The Most Important Neglected Prayer

“Our Father in heaven, hallowed be your name” (Matthew 6:9).

I’ve prayed this and thought, “I’m honestly not quite sure what I’m saying.” What does this mean?

The first step is answering this question: is this a statement of praise to God or is it a request? For years I thought it was a statement of praise or adoration to God. I thought that it was the same thing as saying, “God, you are great and holy and worthy of everything I have.” But notice it doesn’t say, “hallowed is your name.” It says “hallowed be your name.” It’s a request. It’s asking God to do something. Jesus is telling us to pray, “may your name be hallowed.”

But what are we really asking God to do? The second step is figuring out what “hallowed” means. It means to honor something as holy (lit., sanctify). It is to set something apart, recognizing its uniqueness. When you hallow something, you see it as special, superior, and not to be regarded as common.

Third step: What are we asking God to honor? His own name. Throughout the Bible, God’s ‘name’ is another way of simply referring to himself. So Jesus is saying to pray, “Our Father in heaven, would you cause yourself to be honored? Would you let people see you for who you are and no longer disregard you? Would you see how little you are honored in people’s hearts and lives and act to change this? Would you show yourself to be as great as you are so that people everywhere might truly know you and overflow with a thankful heart to you for all that you are and do?”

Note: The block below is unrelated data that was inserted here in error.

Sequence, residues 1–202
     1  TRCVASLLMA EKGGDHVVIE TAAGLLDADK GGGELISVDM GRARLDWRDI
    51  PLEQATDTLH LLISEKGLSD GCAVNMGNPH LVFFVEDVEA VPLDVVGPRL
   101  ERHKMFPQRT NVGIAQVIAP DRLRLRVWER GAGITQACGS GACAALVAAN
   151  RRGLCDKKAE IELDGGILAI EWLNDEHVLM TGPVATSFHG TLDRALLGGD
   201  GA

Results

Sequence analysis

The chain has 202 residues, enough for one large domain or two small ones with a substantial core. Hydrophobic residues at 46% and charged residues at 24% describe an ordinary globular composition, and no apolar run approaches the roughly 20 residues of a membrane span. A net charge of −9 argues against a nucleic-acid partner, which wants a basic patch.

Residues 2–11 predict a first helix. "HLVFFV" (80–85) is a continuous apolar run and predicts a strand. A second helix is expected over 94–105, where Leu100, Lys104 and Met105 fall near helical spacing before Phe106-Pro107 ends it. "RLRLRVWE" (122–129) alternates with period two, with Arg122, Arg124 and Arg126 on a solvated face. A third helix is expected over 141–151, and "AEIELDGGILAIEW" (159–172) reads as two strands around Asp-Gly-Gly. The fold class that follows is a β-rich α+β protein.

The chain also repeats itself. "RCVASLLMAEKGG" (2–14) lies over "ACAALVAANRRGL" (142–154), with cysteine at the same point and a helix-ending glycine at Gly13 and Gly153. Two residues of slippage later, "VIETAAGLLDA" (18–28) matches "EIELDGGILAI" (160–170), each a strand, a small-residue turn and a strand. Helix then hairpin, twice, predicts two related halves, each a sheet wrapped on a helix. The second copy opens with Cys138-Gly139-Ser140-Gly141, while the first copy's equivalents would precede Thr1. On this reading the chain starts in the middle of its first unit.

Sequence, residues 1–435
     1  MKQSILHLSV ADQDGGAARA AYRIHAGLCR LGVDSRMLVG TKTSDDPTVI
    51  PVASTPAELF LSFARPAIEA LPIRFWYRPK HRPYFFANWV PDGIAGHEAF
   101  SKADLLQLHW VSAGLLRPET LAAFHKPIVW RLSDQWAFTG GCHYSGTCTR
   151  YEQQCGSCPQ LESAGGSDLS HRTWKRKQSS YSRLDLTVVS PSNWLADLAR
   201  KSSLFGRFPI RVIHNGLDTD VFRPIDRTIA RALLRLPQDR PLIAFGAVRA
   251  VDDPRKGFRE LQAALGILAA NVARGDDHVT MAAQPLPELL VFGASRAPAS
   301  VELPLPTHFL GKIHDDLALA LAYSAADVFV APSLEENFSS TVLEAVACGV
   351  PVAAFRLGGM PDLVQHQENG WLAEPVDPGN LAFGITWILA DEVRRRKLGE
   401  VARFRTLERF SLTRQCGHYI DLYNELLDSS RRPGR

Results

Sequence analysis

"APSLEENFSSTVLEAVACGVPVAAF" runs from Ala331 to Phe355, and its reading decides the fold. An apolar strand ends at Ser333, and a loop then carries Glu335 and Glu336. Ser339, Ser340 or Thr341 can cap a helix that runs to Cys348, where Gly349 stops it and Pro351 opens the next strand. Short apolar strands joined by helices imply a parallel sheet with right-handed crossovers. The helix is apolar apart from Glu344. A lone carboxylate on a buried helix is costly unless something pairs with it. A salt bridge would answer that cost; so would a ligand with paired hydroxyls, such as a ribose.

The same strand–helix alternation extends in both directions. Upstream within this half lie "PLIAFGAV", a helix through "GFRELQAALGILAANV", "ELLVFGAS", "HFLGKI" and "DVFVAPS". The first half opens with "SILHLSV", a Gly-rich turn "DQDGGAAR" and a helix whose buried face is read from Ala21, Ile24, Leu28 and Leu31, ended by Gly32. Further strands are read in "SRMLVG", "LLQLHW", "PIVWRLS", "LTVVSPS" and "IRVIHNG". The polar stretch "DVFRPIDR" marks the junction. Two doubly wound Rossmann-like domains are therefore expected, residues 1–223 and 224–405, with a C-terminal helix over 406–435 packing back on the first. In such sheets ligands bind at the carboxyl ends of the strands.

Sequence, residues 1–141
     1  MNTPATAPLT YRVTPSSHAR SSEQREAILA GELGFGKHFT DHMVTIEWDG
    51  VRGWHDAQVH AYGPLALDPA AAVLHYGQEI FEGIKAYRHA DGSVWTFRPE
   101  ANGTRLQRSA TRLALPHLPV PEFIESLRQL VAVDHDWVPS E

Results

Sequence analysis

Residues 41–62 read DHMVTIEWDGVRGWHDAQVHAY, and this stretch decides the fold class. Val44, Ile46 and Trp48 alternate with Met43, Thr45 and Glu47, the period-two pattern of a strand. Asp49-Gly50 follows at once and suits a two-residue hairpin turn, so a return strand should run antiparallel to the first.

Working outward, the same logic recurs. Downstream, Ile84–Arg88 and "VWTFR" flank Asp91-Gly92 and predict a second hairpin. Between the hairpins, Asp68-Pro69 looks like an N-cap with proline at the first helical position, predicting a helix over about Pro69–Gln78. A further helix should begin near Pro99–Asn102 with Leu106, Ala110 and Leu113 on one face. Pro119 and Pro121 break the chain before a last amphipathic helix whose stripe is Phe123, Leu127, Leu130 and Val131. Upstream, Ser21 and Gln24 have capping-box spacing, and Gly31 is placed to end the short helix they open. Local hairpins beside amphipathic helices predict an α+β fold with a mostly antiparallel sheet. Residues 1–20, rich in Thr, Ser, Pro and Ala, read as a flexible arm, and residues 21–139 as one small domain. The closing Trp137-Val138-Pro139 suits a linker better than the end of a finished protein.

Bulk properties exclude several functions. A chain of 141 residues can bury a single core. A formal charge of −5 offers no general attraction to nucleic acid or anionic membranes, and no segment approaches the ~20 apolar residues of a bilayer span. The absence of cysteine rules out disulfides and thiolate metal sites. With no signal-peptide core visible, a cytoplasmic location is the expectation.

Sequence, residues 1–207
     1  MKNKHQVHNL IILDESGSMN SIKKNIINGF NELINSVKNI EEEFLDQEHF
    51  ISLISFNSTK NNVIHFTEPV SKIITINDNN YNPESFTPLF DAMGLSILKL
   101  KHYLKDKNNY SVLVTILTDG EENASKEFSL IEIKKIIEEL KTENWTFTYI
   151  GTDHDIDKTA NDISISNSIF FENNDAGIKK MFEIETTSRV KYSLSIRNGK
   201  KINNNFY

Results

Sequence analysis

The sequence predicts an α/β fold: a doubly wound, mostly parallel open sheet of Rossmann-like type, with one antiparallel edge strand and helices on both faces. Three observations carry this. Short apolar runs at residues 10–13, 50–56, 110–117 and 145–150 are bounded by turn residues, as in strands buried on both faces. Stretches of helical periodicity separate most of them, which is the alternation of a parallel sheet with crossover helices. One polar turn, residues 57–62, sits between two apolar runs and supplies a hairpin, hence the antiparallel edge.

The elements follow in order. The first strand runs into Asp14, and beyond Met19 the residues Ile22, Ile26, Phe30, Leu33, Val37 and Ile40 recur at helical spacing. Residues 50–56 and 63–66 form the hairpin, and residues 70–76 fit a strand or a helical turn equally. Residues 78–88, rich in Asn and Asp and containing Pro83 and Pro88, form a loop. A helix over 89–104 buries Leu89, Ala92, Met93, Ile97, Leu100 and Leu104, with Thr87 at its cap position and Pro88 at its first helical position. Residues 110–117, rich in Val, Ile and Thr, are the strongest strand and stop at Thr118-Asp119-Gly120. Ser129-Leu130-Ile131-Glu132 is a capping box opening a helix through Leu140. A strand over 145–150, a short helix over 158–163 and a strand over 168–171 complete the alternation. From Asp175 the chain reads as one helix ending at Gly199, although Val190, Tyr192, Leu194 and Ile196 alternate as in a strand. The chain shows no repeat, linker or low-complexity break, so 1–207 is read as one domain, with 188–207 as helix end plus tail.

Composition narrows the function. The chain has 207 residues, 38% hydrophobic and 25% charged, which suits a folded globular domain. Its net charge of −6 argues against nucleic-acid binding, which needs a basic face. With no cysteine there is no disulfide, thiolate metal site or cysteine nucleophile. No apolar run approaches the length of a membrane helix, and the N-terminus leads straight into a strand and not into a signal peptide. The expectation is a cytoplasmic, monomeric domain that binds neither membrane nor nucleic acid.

This was, of course, the problem with God’s people in the Old Testament. They disobeyed him, so he sent them into exile. But their own disobedience among the peoples drug God’s name through the dirt. “They profaned my holy name,” God says (Ezek. 36:20). But, he adds, “I had concern for my holy name” (v.21). How? By establishing a new covenant with his people, “not for your sake… but for the sake of my holy name” (v.22). God will cause his name to be honored by forgiving sins, replacing hearts of stone with hearts of flesh, and giving people his own Spirit so they can walk in obedience to him (v.25-28). Jesus pleas for the fulfillment of this hope and invites us to join him. At the heart of our prayers should be a longing for God to spread his new covenant blessings to others so that they might honor his name.

And this is the first request Jesus gives us. He could have started anywhere with anything. But he begins with this.

We always pray for what we love. This is what Jesus wants to be central. “Here is what you should want most and therefore what should pray first.”  The hope that many people would come to glorify God with all their hearts should be at the forefront of our minds and hearts. And if it’s first in our hearts, it will be first in our prayers.

This entry was posted in Prayer, Scripture, The Glory of God, Uncategorized. Bookmark the permalink.

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